When police officer John Karraker's 13-year-old daughter went online, he thought she was doing her homework and chatting with friends. When he came home to find a phone message from an adult man who was far too old for her, she denied knowing him.
Even though John checked the family computer with the monitoring software he had installed on it, he didn't find anything. Like many children and teens, she had become adept at hiding her electronic footprints. He later found out that his daughter had deleted her chat logs and website history when he questioned her about the call.
Although the parents had talked with their daughter about online safety when they initially installed the computer, they now realized that their warnings had fallen on deaf ears — and that their child was lying to them to protect a man she had met online, who was really a sexual predator.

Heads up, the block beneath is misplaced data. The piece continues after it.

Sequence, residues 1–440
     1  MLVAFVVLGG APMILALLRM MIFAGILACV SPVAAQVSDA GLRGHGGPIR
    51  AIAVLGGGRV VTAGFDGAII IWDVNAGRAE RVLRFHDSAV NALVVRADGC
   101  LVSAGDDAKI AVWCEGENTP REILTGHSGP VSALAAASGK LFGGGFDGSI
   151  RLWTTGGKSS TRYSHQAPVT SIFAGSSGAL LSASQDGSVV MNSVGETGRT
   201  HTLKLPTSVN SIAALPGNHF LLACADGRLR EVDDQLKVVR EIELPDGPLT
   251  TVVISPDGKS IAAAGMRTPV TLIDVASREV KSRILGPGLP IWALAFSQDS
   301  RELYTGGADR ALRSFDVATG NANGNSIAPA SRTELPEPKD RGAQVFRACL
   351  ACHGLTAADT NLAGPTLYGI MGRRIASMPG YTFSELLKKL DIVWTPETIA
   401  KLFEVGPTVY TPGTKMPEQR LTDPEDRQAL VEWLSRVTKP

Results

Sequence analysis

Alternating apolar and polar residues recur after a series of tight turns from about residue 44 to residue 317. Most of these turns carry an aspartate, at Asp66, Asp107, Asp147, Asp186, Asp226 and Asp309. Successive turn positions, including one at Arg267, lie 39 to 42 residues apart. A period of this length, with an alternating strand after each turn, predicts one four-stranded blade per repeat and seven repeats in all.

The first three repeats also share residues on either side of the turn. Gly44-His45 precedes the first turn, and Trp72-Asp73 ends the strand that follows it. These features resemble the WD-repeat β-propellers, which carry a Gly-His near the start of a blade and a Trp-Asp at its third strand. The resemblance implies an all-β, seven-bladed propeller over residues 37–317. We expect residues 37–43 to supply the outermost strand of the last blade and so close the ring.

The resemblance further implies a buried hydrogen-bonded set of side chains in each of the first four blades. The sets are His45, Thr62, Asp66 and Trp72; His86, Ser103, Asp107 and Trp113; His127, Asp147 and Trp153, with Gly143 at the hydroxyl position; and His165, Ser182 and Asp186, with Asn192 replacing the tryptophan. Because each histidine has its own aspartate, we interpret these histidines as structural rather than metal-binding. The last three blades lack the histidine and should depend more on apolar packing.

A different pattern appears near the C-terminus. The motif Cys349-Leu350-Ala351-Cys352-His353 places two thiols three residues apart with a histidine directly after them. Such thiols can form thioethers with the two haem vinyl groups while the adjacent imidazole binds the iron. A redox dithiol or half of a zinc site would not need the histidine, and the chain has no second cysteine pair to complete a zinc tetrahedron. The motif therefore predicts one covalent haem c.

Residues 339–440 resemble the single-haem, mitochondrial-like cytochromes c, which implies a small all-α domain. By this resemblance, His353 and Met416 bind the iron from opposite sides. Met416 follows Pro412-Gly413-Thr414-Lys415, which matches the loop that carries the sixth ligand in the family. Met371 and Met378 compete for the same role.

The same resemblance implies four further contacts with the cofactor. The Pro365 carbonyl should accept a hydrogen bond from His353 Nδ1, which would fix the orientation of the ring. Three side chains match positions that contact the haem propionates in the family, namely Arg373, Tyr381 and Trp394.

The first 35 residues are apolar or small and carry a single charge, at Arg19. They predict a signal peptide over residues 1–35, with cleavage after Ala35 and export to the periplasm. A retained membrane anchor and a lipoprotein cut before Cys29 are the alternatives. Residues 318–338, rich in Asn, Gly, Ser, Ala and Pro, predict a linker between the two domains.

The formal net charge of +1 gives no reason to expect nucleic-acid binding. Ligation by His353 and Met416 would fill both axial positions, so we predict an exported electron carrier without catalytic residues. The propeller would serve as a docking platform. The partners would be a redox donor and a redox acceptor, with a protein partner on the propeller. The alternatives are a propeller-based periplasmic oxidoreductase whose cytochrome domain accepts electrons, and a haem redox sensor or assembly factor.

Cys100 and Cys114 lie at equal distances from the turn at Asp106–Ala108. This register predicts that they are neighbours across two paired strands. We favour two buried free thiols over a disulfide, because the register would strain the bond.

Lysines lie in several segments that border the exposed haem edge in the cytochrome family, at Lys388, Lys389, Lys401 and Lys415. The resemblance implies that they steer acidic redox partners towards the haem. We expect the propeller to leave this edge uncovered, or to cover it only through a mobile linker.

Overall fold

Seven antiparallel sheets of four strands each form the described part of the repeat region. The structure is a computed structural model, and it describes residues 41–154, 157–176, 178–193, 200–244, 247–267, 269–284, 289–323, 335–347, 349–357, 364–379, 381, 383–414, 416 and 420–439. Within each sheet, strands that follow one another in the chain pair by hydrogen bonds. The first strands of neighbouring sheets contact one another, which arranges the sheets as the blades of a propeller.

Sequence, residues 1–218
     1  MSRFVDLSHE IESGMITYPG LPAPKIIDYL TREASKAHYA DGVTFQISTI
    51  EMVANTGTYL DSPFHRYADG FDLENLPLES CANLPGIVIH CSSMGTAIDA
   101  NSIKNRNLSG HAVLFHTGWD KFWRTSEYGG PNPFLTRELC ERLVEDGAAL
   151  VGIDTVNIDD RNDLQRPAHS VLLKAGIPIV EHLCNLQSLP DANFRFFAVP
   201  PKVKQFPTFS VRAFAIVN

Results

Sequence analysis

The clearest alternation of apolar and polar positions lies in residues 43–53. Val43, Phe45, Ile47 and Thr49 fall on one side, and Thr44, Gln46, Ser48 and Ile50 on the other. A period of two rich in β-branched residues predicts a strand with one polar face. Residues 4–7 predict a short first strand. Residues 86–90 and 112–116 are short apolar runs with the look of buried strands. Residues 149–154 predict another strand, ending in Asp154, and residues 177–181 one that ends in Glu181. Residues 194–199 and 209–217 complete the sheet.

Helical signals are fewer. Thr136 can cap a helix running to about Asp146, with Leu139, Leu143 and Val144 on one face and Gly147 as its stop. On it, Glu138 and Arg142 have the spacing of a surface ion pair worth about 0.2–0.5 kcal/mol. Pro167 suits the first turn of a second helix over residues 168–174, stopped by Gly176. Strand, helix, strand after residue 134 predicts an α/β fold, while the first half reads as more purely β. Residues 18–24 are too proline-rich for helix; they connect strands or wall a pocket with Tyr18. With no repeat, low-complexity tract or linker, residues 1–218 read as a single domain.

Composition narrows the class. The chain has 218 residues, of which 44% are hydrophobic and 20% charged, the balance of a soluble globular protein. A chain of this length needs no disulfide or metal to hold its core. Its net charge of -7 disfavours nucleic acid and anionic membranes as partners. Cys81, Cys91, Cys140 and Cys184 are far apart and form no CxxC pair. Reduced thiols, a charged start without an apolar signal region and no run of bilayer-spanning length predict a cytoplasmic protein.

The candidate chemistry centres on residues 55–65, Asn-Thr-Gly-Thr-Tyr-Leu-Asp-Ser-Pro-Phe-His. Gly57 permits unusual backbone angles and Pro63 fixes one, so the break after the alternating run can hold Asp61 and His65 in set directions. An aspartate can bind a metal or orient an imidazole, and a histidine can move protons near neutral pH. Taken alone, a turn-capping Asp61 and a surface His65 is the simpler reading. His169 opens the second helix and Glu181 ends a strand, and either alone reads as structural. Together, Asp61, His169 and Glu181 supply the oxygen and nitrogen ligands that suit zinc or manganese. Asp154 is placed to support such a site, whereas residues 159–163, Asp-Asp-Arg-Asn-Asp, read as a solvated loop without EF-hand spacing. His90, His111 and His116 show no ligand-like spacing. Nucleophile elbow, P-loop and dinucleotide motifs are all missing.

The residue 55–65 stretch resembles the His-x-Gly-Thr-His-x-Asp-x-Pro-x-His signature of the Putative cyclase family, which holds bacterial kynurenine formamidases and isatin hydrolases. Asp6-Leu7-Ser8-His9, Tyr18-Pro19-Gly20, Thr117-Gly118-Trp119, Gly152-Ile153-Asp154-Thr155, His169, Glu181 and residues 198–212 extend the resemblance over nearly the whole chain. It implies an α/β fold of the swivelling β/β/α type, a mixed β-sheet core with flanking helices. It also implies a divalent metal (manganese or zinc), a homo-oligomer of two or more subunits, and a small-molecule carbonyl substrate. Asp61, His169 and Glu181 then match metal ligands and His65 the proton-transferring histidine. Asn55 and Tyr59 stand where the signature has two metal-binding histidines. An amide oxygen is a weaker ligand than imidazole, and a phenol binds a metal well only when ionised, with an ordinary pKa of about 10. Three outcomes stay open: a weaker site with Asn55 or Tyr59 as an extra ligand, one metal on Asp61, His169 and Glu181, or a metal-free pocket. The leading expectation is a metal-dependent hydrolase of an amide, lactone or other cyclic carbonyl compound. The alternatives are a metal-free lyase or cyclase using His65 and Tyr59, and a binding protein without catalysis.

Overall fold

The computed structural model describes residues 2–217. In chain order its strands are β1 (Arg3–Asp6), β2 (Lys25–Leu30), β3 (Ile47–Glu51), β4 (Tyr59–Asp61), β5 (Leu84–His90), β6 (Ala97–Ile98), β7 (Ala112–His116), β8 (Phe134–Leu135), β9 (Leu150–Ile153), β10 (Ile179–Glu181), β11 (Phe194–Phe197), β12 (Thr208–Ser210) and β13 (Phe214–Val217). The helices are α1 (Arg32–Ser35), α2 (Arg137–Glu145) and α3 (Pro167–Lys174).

The man called back, and talked to the girl's mother, whom he initially mistook for the 13-year-old girl. She peppered him with questions and he hung up. Finally, their daughter admitted that she had chatted online with him for an extended period of time and given their family's home phone number to him.
"The experience my daughter had fortunately did not have a tragic outcome, but I have to admit that it was more by luck than by parental intervention," said Karraker in testimony to the U.S. Congress subcommittee dealing with online safety for children in 2002. He urges parents and guardians to educate themselves and their children about online safety.